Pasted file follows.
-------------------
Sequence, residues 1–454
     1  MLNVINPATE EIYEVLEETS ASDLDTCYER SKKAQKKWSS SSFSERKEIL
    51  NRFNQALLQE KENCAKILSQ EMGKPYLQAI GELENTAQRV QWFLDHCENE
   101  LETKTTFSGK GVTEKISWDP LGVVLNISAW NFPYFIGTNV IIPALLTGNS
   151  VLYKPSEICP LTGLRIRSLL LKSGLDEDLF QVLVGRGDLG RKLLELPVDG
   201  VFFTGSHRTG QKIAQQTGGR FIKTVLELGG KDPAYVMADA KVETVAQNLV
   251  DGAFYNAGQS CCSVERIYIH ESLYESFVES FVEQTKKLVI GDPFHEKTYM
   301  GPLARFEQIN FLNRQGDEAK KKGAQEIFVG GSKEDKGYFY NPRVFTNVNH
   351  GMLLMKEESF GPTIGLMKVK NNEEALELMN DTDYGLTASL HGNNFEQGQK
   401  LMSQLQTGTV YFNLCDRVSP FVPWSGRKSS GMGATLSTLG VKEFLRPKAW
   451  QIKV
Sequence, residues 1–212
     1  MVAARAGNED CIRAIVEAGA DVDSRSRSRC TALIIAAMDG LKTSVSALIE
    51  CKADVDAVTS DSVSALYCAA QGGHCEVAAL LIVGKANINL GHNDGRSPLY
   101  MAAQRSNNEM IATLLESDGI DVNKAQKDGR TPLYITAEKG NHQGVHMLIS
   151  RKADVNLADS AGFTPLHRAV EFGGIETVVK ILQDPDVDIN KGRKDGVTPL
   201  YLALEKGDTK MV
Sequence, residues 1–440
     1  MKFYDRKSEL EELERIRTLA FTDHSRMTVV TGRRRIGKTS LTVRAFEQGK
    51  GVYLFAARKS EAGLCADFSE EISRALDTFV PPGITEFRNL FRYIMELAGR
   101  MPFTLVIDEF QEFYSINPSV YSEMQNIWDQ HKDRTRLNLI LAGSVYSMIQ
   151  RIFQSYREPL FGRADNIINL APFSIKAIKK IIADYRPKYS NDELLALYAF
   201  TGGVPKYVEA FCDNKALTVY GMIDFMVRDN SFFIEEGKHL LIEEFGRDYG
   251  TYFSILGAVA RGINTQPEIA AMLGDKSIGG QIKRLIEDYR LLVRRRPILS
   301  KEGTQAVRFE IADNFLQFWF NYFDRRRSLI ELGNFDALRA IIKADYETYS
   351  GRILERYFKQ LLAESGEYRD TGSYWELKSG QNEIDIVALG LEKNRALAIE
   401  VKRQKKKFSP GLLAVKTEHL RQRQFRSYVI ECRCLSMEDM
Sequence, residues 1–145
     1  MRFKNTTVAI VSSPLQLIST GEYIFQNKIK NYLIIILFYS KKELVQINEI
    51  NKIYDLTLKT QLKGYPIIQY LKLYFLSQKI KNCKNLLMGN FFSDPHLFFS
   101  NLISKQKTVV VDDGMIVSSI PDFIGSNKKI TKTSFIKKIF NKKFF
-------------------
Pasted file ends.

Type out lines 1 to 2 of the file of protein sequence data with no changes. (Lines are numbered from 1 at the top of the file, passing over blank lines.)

Sequence, residues 1–454
     1  MLNVINPATE EIYEVLEETS ASDLDTCYER SKKAQKKWSS SSFSERKEIL